Anna Nicole Smith Fans Pay Tribute on the Internet

Fans of Anna Nicole Smith aren't making pilgrimages to the place where she spent her final days. They're not leaving flowers. They're not gathering in crowds to express their grief.

Instead, emotions are being expressed in a way as uniquely modern as Smith's fame — on blogs, Web pages and online message boards where true fans battle naysayers to get their voices heard.

"I loved her," fans beam. "I miss her," others write. "She was beautiful," they say.

On Facebook, hundreds of Anna Nicole pages are buzzing with gossip and outpourings of emotion. YouTube has logged hundreds of thousands of hits on Anna Nicole videos, including some fan-produced tributes. One fan put a message on Craigslist seeking others touched by the starlet's death for a candlelight vigil in New York's Union Square.

Photos: Celebrity | Controversy | Tragedy

"I do almost feel like I've lost something. She was an inspiration to me," said Sian Richter, a 20-year-old office worker who has been posting messages and photos online from her London home and has been glued to E! coverage of her idol's death.

"I truly believe she had a lot of love to give and just wanted to be loved back," Richter said. "Also I looked up to her because of the background she came from. Humble roots and making it big time gave me inspiration."

Richter said she has handbags adorned with pictures of Smith, a bobblehead doll in the former Playboy model's likeness and recordings of episodes of "The Anna Nicole Show."

The medical examiner who performed an autopsy on Smith's body said it could take weeks to determine the cause of death. Dr. Joshua Perper, the Broward County medical examiner, said Friday that no illegal drugs were discovered in the 39-year-old Smith's room at the Seminole Hard Rock Hotel and Casino in Hollywood where she collapsed Thursday.

In New York, Brian Hewson, a 26-year-old who works in a theater box office, had followed Smith on and off for years and was shocked when a friend told him about her death.

"It doesn't even seem real," Hewson said. "If someone wrote this story, or it was on television, no one would think it had any realism to it. But these insane new developments just keep popping up."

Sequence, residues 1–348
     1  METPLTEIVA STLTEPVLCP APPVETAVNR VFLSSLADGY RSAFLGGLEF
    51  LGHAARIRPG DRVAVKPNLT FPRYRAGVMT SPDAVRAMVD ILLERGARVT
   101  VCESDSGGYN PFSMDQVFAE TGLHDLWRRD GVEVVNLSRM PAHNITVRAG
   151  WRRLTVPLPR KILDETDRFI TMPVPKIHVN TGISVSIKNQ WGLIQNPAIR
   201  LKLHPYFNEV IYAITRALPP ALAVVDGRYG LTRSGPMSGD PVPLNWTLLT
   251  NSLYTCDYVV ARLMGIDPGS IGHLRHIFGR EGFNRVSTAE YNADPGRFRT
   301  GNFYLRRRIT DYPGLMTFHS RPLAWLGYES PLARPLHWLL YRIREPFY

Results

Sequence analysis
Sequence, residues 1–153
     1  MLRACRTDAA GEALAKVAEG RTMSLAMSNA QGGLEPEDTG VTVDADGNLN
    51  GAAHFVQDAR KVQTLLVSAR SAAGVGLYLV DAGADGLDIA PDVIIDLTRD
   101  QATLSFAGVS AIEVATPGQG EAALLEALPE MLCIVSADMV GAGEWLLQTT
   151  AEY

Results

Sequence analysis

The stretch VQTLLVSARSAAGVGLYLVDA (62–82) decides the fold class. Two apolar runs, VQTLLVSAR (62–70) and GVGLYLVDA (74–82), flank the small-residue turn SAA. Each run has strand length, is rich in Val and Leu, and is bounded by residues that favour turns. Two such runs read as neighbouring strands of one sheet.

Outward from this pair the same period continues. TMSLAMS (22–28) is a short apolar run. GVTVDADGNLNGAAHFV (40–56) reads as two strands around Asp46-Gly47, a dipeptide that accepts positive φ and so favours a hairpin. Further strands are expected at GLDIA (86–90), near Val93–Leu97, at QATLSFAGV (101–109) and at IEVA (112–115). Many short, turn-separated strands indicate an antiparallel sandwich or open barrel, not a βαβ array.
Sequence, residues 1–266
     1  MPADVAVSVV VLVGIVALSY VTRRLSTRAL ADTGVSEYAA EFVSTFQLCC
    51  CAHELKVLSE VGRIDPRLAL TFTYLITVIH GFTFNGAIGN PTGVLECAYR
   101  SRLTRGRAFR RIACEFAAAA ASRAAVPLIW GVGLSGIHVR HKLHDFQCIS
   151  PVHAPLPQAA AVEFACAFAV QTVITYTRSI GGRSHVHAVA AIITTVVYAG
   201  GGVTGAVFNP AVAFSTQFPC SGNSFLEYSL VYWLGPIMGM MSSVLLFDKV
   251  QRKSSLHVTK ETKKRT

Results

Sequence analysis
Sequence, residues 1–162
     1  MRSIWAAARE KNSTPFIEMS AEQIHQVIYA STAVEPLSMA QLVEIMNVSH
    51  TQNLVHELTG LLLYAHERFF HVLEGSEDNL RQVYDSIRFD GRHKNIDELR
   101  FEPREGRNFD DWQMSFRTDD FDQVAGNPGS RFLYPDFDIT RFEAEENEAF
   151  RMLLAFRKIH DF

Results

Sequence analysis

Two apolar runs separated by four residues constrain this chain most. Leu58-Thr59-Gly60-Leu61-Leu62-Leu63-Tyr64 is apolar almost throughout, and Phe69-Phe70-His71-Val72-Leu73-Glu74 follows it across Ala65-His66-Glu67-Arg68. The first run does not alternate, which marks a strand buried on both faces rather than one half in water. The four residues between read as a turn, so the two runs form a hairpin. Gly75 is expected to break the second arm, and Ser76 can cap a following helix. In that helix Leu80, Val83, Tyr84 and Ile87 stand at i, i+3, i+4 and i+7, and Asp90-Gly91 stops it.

In Kuala Lumpur, a huge photo of Smith in a bright red dress was splashed across the front page of the Star newspaper on Saturday. Her image fronted the Iltalehti newspaper in Helsinki, Finland.

"I sympathize with her," said Catherine Toth, a 31-year-old resident of Hawaii Kai on the island of Oahu who pens "The Daily Dish" blog for The Honolulu Advertiser. "I saw so much tragedy in her life. I just kept hoping it would get better."

Billy Lowe, a hairstylist who frequently works with celebrities, said many people couldn't help but gasp when they heard news of Smith's death.

"We'll certainly miss her charm, her on-cam blunders and bloopers and we'll pray she's making the sandy shores in the hereafter very happy," he said.

Smith's infant daughter, Dannielynn Hope Marshall Stern, was not with her when she died Thursday in Florida. Bahamian officials would not confirm if the child was being cared for in the island chain.

Attorney Godfrey Pinder, who represents G. Ben Thompson, a former boyfriend of Smith's who was embroiled in a court fight with her over the ownership of the waterfront mansion where she had been living in Nassau, Bahamas, said Saturday her death means her claim to the mansion was no longer legitimate.

"We changed the locks and have put a chain on the gate," Pinder told The Associated Press in a brief phone interview. "We have physical control of the house."

That was Friday. On Saturday, the locks were changed again when an attorney for Smith, Wayne Munroe, said he had retaken control of the disputed estate. He also told reporters he had filed a robbery complaint with police over computer equipment and other personal effects allegedly taken from the home.

Smith's most recent companion, attorney Howard K. Stern, and Larry Birkhead, a former boyfriend, have both claimed to be Dannielynn's father.

In addition, the husband of actress Zsa Zsa Gabor, Prince Frederic von Anhalt, stepped forward Friday to claim he had had an affair with Smith and may be the baby's father.

And the Daily News reported Saturday that a manuscript it obtained by Smith's half-sister, Donna Hogan, says Smith froze the sperm of her 90-year-old oilman husband, J. Howard Marshall, before his death and may have used it to become pregnant.

Since Marshall's death in 1995, Smith had been waging a court battle at her death over his estate. A federal court in California awarded Smith $474 million, but that was later overturned. But in May, the U.S. Supreme Court revived her case, ruling that she deserved another day in court.